On several occasions, locals were report- edly told that they could not use boogie boards, which are truncated surf boards, on swimming beaches and that they had to go to one of the two designated surfing beaches to use the device. When they got to the surfing beaches, however, they were told that the boogie boards were not considered surfboards and that they could be used on swimming beaches only.

Local Michael Lonnborg told The Wave that he was boogie-boarding at Beach 128 Street on Saturday afternoon with the lifeguard's permission when four green-outfitted Parks Enforcement Police (PEP) officers came by in an ATV and ordered him out of the water.

The press was out in force for the beach-closing press conference. The press was out in force for the beach-closing press conference. He said that he told the officers that the lifeguards had allowed him in the water, only to be told by a PEP officer, "I don't care what the lifeguards said."

Lonnborg said that Officer J. Charles stood in his way while he was trying to retrieve his $150 boogie board.

Charles reportedly told him that he didn't care what the board cost, he couldn't go back into the water to retrieve it.

The local said that the officer hit him on the chest with his forearm and closed fist when he tried to retrieve the board.

He was given a $50 ticket by the PEP officers for illegally being in the water, he says. He has brought charges of assault against the PEP officer.

By law, the two surfing-only beaches are not patrolled by lifeguards, and people using them do so at their own risk, but it was unclear whether surfers could use other beaches for surfing when they were closed to swimmers.

Hundreds of surfers, however, were drawn to the surfing beaches as the storm passed offshore.

The raging surf on Saturday afternoon and Sunday morning drew surfers from all over the tri-state region to Rockaway, where the waves were often 10 to 12 feet high, officials say.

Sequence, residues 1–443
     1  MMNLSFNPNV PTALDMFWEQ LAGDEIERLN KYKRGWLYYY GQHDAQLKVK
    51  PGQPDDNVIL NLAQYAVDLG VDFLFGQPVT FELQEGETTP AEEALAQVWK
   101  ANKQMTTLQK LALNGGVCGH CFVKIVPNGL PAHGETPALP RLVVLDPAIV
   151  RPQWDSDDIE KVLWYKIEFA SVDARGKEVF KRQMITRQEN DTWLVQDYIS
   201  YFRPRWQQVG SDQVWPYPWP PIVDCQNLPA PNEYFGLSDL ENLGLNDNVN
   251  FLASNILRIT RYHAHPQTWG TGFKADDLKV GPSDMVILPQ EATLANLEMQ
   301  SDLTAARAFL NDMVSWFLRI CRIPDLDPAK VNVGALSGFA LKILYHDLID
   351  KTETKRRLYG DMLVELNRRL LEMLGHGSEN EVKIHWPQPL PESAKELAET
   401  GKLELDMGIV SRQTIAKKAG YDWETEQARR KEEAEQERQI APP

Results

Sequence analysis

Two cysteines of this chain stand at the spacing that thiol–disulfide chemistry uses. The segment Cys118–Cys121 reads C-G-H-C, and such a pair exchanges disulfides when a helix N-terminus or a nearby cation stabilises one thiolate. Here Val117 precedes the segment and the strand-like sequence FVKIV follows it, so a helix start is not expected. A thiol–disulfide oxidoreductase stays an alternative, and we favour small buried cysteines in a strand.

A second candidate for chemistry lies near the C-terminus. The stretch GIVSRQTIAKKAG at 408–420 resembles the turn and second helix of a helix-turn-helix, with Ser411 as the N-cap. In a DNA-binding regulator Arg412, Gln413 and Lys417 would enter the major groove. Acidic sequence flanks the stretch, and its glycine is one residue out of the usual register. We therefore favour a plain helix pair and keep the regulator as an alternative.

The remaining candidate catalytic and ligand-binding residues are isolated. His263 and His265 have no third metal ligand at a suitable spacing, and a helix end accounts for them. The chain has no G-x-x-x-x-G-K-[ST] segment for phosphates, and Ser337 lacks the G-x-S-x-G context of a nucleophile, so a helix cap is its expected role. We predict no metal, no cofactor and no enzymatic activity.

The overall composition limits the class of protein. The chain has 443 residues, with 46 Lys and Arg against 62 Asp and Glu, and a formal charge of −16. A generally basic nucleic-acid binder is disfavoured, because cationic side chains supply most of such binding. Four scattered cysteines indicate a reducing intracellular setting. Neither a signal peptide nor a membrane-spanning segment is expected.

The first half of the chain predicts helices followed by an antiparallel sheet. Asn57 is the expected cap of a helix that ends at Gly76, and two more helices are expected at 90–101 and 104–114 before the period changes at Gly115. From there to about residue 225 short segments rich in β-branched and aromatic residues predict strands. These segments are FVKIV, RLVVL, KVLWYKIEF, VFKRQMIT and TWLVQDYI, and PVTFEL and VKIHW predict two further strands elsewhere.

When night fell on Saturday, it took an army of police using helicopters and boats, as well as Parks Department personnel to pry the surfers from the ocean.

As the copters swept overhead, searchlights plying the raging ocean, Parks officials and police whistled all the surfers out of the water and then off the beach.

On Sunday morning, with hundreds of onlookers lining the boardwalk to watch the high waves and intrepid surfers, one local surfer, Daniel Mastey, 24, of Rockaway Beach, broke both of his legs after venturing onto the rock jetty at Beach 91 Street to launch his surfboard. He was thrown into the rocks by a tremendous wave and tumbled about.

He was taken to Jamaica Hospital for treatment.

Officials say that Mastey was the only local to be injured during the long weekend when the beaches were closed.

During previous weeks, however, six swimmers, all but one swimming on unprotected beaches or when the lifeguards were not on duty, drowned.

Riis Park beaches, controlled by the National Park Service, were closed on Friday as well, but were reopened Monday morning.

Surfing was allowed at Riis Park during the closings.